Raquel Rutledge is an American newspaper reporter. In April 2010 she won the Pulitzer Prize for Local Reporting; she exposed widespread fraud in the "Wisconsin Shares" child-care system in a yearlong series, "Cashing In on Kids", for the Milwaukee Journal Sentinel, which also won the 2010 Goldsmith Prize for Investigative Reporting. Her work also won the Worth Bingham Prize for Investigative Reporting and George Polk Awards in 2009.
Rutledge was awarded the Nieman Foundation fellowship at Harvard University in 2011, studying food regulation and its impact on public health. In 2012, she led an investigation into a Wisconsin company responsible for distributing tainted alcohol wipes nationwide, that were ultimately linked to the death of a 2-year-old boy in Texas. That series, "Shattered Trust" won a Gerald Loeb Award among other national honors.
Rutledge also co-authored an investigation into the Bureau of Alcohol, Tobacco, Firearms and Explosives’ use of undercover storefront stings that exposed how agents mishandled operations across the country utilizing people with intellectual disabilities and later charging them with crimes. The “Backfire” investigation was recognized in 2014 with the top award in the print/online category from the Investigative Reporters and Editors organization among other awards. Most recently, Rutledge has uncovered how a chemical known to cause deadly lung disease is endangering coffee workers and those who use e-cigarettes. That series, “Gasping for Action,” has been awarded two top prizes from the Society of American Business Editors and Writers and a 2016 James Aronson Award for Social Justice Journalism. Rutledge researched the Gasping for Action series while on the O'Brien Fellowship in Public Service Journalism at Marquette University.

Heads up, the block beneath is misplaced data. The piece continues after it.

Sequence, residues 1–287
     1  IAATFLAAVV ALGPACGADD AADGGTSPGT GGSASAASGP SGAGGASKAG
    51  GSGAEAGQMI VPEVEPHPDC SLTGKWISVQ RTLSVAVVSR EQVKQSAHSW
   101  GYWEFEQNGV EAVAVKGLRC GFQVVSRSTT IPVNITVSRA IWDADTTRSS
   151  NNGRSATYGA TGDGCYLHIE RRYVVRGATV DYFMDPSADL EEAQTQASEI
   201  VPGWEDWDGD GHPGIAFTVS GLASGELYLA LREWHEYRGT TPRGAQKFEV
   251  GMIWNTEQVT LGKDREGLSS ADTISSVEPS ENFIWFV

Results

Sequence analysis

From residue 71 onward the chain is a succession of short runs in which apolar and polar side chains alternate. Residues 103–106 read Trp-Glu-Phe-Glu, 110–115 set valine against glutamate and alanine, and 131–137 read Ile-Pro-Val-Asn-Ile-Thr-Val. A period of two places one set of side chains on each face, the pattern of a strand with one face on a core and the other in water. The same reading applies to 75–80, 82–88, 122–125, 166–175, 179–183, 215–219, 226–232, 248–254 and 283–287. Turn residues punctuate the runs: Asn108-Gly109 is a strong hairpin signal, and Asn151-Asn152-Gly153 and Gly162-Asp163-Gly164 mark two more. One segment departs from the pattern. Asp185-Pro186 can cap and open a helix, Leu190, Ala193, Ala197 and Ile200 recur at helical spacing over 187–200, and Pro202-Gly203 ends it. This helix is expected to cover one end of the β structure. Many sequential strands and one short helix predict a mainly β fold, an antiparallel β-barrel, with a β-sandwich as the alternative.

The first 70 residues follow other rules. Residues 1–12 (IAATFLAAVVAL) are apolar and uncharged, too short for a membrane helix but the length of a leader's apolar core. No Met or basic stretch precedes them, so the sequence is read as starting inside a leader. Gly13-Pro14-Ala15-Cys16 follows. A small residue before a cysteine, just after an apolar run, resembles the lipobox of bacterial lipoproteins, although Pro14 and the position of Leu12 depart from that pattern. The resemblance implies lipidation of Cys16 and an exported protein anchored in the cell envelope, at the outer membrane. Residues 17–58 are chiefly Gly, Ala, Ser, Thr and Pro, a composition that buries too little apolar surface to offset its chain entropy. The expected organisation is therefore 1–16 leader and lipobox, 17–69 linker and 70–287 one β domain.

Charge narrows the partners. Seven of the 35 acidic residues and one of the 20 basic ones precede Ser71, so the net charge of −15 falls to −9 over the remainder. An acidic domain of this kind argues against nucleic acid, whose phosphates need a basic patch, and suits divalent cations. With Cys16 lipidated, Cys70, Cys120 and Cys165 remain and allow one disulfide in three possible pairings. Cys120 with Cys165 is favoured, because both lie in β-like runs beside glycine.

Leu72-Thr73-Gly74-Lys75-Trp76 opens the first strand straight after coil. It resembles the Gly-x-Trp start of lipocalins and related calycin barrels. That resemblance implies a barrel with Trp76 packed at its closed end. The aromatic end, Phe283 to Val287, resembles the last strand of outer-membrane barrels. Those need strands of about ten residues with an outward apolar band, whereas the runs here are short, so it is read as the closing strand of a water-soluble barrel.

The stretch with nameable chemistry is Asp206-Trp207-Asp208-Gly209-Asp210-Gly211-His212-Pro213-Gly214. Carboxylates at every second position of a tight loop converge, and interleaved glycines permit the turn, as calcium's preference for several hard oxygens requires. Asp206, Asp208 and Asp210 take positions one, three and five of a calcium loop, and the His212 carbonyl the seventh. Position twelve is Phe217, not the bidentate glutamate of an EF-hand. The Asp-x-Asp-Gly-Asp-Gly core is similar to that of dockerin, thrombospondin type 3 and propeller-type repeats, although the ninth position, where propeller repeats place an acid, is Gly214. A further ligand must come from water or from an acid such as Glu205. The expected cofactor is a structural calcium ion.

Rutledge is a Milwaukee native. She graduated from Shorewood High School and the University of Wisconsin–Milwaukee. Before joining the Milwaukee Journal Sentinel in 2004, she had worked for the Waukesha Freeman and the Colorado Springs Gazette.